The leasing back process also allows the seller to keep operations completely intact and there is no need to relocate the business.
For the buyer, a sale leaseback presents an opportunity to invest in real estate with a tenant already in place and familiar with the property.
It also can be an interesting way to find a bargain, as many sale leasebacks are completed through relationships and not transacted on the open market.
Sale leasebacks are really no different than a purchase transaction or a lease transaction.
They are simply a purchase and a lease transaction baked into the same deal.
The parties can either work directly without the help of a commercial real estate broker or lawyer, but it is advisable to seek outside advice.
The parties can decide on who pays the broker fees, though it is customary in commercial real estate that both the listing agent and buyer agent are both compensated by the seller.
In the case of lawyers, it is customary for them to be compensated hourly, by the parties that they are representing.
The transition from owner to tenant can be difficult for some businesses.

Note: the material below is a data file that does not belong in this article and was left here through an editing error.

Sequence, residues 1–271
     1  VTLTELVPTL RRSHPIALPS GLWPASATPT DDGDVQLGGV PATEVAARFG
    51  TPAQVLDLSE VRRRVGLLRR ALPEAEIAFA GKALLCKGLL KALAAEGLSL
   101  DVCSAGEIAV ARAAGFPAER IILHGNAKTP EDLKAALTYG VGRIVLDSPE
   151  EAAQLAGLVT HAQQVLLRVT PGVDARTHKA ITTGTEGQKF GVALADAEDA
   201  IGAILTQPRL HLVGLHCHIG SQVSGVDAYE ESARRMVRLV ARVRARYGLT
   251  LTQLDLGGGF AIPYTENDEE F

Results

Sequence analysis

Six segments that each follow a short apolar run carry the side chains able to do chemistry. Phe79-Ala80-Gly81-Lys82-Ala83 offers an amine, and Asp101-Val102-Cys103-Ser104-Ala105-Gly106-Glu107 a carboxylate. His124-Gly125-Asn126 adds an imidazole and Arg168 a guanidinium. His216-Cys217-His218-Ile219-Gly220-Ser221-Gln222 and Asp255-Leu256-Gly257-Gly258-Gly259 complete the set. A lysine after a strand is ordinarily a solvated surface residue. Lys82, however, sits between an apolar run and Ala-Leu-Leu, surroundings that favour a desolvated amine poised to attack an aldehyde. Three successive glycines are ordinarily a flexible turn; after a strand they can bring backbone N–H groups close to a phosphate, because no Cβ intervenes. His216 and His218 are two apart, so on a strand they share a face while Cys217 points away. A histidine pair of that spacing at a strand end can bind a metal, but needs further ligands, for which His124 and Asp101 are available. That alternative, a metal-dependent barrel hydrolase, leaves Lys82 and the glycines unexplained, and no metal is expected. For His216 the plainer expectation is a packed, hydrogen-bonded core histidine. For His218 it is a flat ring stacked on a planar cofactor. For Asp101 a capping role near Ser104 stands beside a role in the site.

An owner/occupier is used to running the property, and not accustomed to taking direction from another owner.
It would be prudent to carefully examine the lease - the rules and the administration charges. As an owner, there is no administration fee.
A new owner may be looking to run the operating costs of the building as a profit center, or is perhaps looking at ways to reduce
As a former owner of the property, the tenant may be less obedient than conventional tenants.
They may feel entitled to act a certain way as they "know the building" or "this is the way we have always done it".
They will also be more alert to services that are cut or administration fees that they feel may not be justified.
There also may be some latent defects or deferred maintenance coming up in the near future, and that was a factor in deciding to sell the building in the first place.